Tax value remains pegged at $80.9 million
Aug. 20, 2009
By Greg Elias
The Board of Civil Authority rejected an appeal that could have reduced the tax bill for the corporate owner of Williston’s priciest property by more than $200,000.
Inland Western, owner of Maple Tree Place, sought a tax break from the town, but was denied on appeal.
Inland Western, the owner of Maple Tree Place, had sought the tax break, arguing that the slumping real estate market and numerous vacancies make the property worth $15 million less than the $80.9 million appraised value.
But the tax appeal board, in a hastily called meeting on Aug. 13, voted 4-0 to accept the inspection committee’s recommendation and keep the value at its current level.
The board’s written decision said the town determined the value using the cost approach, which among other things considers the quality of construction, the age of buildings and the price that was paid for the property. That method of valuation is used with all commercial property in Williston.
“In order to keep things consistent, that’s all we have,” said BCA member Terry Macaig. He acknowledged that using another method of valuation, as suggested by Inland, could prompt a flood of appeals by other Williston businesses.
Macaig, one of three board members who inspected the property, said the committee viewed vacant spaces at Maple Tree Place during their 30-minute tour. The inspection started at the Majestic 10 movie theater and then moved to the adjacent building housing Mexicali and other businesses.
Bill Parks, Inland Western’s vice president for property management, said he could not comment until he reviewed the written decision. Richard Wulsin, an attorney who argued the tax appeal for Inland, could not immediately be reached for comment.
Deb Beckett said the rushed meeting – public notice for the session was posted only two days in advance – was prompted by statutory deadline and looming vacations by board members.
Under state law, the board had 30 days from the July 20 appeal hearing to make a decision. Meanwhile, many members were going to be on vacation in the days leading up to the deadline, so Beckett said the meeting was quickly arranged to ensure those who inspected the property were present and the required minimum of three board members attended.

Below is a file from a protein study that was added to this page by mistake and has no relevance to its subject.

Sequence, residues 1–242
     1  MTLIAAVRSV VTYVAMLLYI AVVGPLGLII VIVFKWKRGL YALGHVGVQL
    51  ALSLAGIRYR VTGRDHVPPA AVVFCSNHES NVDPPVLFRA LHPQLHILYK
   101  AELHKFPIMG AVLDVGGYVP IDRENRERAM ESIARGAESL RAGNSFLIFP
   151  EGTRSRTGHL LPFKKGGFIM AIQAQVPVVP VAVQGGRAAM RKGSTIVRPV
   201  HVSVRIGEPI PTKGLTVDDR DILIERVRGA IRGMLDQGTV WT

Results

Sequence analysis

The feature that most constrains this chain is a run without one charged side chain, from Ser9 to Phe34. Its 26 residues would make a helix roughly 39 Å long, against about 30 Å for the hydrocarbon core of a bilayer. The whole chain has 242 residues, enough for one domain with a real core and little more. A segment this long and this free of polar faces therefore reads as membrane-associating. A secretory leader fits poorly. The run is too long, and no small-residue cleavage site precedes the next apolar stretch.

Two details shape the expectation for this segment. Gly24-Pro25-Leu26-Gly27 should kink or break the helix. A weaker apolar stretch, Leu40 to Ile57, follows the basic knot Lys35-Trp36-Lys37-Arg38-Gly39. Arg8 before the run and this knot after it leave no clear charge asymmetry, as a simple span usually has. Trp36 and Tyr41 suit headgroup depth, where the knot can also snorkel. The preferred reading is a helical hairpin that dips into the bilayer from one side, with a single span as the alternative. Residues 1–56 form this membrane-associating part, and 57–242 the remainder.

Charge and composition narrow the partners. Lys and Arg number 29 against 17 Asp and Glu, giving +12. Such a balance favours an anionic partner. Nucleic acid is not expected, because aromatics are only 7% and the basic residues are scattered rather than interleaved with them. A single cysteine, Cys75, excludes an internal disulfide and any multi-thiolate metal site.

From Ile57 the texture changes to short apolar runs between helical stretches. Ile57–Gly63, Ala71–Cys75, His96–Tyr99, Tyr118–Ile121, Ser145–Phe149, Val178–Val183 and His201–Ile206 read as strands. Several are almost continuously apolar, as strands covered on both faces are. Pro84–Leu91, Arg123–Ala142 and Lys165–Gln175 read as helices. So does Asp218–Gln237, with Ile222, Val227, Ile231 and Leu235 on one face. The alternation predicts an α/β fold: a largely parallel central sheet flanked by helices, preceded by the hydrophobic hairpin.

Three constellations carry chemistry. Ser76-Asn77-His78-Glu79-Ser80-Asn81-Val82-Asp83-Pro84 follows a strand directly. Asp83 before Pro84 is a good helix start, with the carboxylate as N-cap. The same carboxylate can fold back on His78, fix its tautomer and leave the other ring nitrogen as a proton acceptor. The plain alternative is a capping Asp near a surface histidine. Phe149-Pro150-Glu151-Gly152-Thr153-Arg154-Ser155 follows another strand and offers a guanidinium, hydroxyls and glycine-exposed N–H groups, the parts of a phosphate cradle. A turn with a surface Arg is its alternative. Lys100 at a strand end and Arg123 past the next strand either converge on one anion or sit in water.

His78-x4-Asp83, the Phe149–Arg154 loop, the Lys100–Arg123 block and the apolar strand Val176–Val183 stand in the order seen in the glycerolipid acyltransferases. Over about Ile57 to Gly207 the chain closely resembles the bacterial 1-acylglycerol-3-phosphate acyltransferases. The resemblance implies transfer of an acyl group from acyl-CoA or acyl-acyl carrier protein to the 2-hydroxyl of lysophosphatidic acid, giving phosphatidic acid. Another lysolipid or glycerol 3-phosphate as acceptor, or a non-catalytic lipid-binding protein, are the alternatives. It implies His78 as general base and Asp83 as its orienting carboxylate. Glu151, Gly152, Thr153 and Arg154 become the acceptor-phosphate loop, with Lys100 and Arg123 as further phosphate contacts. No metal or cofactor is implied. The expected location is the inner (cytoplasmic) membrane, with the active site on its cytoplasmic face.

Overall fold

The poor turnout for last week’s meeting – the board has 18 members in all – continues a trend of recent years. An Aug. 6 story in the Observer noted that many of the Selectboard members and justices of the peace who staff the BCA rarely attend meetings.
The appeal hearing last month, despite the fact it involved property so expensive that a big devaluation could impact municipal and school budgets, drew only half of the board. By statute, only those who attended the hearing could vote on the appeal.
Beckett, who had been critical of the no-shows at previous meetings, said the low turnout was OK this time because of the short notice.
“Being able to get it in today was the best that could have been done,” she said shortly after the meeting adjourned last Thursday. “Ideally, it would have been nice to have more people there.”
Williston listers in June denied Inland’s request to reduce the appraisal, prompting the appeal.
Absent further appeal, Inland Western, a real estate investment trust affiliated with Illinois-based Inland Real Estate Group of Companies, one of the nation’s largest owners of commercial real estate, will pay $1.3 million in property taxes during the 2009-10 fiscal year. If the appraisal had been reduced to $65 million, the tax bill would have dropped by roughly $241,000.
Critics have questioned the town’s valuation of the property. Inland paid $102.3 million for Maple Tree Place four years ago. Wulsin argued at last month’s hearing that the purchase price was “somewhat irrelevant” in establishing the current value because commercial loans and potential buyers have dried up amid the economic meltdown.
Wulsin claimed Maple Tree Place was overvalued compared to other large retail centers in the state. But Macaig said that Maple Tree Place is unique and there are really no comparable properties in Vermont.
Wulsin also argued that Maple Tree Place has a significant number of vacancies, reducing income and hence value. One of its largest stores, Linens ‘n Things, went bankrupt last year, and there is other vacant retail and office space.
Wulsin said using an income-based method of valuation would reduce the appraisal to $65 million. The Board of Civil Authority’s written ruling acknowledged using that method would indeed reduce the tax value while noting the town does not calculate commercial appraisals that way.
Inland Western now has the right to further appeal, either to the state appraiser or in superior court. The appeal must be filed within 30 days of when the Board of Civil Authority’s written decision is mailed.